Cybersecurity – Understanding the Vulnerability Management Process

As a member of the River Run team, I am able to spend time meeting with our clients during Road Map planning sessions. One of the main topics discussed is Cybersecurity and Data Loss protection.  It is important to be aware of Cybersecurity risks and the need for network security. The cost of a breach could be detrimental to your business.

Some of the questions we are often asked during the Road Map planning sessions are:

1.      How would hackers gain access to my system?

2.      Why would they want to access our files?  We are so small.

3.      What information would they want?  We have no client financial information.  

4.      What can we do to decrease the chance of being hacked?

5.      How much will this cost if I am hacked?

6.      What does a data security solution cost?

7.      Where do we start?       


A strong cybersecurity strategy will improve your data loss prevention risk. A proactive approach to threat and vulnerability management includes several strategies, some you can implement yourself. Others, such as network monitoring, will need the time and service of experts.  We hope you reach out to the River Run team!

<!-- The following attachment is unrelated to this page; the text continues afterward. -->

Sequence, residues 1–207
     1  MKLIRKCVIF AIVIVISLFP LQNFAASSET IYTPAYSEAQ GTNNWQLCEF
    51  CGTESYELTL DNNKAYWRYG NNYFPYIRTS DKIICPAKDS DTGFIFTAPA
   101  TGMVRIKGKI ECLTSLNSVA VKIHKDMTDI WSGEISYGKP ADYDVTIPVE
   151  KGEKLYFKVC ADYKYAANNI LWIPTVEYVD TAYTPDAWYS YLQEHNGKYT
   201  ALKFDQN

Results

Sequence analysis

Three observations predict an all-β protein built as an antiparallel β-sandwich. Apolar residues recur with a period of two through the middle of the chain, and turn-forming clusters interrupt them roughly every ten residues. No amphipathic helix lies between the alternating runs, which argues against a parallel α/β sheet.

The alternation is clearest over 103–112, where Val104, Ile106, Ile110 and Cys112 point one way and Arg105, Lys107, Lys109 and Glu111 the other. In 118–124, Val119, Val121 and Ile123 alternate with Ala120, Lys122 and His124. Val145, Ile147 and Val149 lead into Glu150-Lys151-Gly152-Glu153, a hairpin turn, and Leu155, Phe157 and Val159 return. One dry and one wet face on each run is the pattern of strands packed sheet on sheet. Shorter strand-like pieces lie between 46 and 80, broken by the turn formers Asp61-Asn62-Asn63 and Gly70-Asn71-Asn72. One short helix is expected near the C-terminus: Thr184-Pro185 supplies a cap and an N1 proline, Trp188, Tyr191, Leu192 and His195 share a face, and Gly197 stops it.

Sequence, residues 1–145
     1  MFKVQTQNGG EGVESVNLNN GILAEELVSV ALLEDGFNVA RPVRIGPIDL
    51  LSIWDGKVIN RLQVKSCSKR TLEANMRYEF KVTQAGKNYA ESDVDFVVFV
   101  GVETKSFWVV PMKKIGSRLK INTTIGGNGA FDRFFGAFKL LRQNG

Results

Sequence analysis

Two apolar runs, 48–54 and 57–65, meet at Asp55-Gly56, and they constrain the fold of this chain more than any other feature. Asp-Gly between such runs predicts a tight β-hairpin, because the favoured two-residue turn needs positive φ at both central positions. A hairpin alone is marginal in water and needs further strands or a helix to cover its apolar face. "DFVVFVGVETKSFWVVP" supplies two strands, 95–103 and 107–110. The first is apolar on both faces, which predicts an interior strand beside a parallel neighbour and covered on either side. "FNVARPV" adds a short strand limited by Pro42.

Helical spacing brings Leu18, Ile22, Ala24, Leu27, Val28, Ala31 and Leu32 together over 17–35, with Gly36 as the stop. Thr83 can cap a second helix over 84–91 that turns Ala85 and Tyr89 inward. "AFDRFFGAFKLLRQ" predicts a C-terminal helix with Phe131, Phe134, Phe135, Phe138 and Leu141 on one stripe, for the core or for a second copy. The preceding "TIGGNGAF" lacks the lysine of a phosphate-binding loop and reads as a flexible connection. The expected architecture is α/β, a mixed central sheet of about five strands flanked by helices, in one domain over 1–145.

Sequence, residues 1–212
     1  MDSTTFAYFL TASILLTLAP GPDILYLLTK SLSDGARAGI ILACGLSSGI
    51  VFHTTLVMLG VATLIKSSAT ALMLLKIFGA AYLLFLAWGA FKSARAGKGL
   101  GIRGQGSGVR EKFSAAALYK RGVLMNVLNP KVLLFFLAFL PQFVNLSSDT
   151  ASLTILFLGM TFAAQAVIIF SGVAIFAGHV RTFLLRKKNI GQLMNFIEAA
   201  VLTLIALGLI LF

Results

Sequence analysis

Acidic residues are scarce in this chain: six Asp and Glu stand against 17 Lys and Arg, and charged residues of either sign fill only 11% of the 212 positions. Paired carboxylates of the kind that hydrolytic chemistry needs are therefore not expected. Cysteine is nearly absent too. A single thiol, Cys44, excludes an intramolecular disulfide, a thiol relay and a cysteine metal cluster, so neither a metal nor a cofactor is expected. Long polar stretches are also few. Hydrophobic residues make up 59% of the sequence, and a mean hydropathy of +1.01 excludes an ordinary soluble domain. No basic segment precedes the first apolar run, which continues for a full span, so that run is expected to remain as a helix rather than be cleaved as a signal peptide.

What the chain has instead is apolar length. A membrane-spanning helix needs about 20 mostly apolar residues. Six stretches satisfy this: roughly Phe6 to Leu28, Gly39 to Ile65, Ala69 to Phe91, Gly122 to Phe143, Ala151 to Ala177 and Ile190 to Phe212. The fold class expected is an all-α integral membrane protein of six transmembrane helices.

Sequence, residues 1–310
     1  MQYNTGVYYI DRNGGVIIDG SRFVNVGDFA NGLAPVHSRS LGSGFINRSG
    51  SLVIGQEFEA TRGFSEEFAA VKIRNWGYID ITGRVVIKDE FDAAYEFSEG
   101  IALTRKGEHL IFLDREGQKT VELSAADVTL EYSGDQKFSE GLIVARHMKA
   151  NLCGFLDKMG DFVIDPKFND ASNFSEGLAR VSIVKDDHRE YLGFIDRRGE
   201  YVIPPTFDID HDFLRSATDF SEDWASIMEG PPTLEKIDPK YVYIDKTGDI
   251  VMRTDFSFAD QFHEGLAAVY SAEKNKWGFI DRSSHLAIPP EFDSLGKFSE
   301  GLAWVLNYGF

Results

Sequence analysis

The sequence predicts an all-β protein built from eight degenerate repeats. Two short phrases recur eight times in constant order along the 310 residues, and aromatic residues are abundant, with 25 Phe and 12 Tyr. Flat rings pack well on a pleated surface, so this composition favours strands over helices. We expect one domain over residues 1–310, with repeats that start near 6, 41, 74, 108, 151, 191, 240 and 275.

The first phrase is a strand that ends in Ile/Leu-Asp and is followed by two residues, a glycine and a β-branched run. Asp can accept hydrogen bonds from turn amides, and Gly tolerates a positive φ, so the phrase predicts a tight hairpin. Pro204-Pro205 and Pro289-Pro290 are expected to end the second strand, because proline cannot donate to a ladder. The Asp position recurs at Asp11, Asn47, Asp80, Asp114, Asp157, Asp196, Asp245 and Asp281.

Passwords:  A strong cybersecurity plan involves a password policy that covers length, complexity, change frequency and secrecy.  At a minimum, a password should be 9 or more characters and include upper- and lower-case letters, symbols and numbers.  To ensure data protection, end users should be required to change their passwords quarterly and a password should never be shared nor emailed.    

When IT support asks for a password, the end user should put the password in when possible.  If an end user does have to provide their password to IT or a security professional, the end user should immediately change the password after the service is complete.  A password is the one secret you are allowed to keep guilt free!   

Training and Coaching:  The objective of regularly conducting training and coaching sessions is to create a security-focused workplace culture where end users protect themselves and the company in real world situations related to their jobs.  Users are not aware of the vulnerabilities created by opening an “evil” email or when they allow a vendor access to an application or when they “try to help out” by purchasing and installing a wireless device on the network without the help of the busy IT person.

Training and coaching should include:

1.      When to use and when not to use unsecured wireless

2.      Safe remote access when traveling domestic and international   

3.      Safe storage of company equipment

4.      Safe surfing and avoiding unsecure sites

5.      Storing files and secure cloud storage  

6.      Password protocol

7.      User owned equipment